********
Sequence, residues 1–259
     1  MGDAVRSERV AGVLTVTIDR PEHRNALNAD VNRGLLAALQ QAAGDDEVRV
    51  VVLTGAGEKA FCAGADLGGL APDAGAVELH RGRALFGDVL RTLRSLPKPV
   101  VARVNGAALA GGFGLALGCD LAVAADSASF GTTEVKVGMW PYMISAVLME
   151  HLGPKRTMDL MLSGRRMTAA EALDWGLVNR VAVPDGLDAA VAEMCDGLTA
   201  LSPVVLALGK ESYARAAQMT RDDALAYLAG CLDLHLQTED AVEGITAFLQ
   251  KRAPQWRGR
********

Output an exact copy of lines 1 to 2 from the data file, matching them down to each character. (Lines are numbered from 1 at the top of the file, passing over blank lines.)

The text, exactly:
Sequence, residues 1–259
     1  MGDAVRSERV AGVLTVTIDR PEHRNALNAD VNRGLLAALQ QAAGDDEVRV